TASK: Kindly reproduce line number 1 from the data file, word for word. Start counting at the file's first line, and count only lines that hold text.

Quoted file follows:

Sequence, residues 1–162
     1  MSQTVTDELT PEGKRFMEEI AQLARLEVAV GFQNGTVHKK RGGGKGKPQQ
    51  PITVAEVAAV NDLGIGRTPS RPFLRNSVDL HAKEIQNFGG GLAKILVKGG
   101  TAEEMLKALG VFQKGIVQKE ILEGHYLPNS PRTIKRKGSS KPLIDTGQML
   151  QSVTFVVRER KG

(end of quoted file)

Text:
Sequence, residues 1–162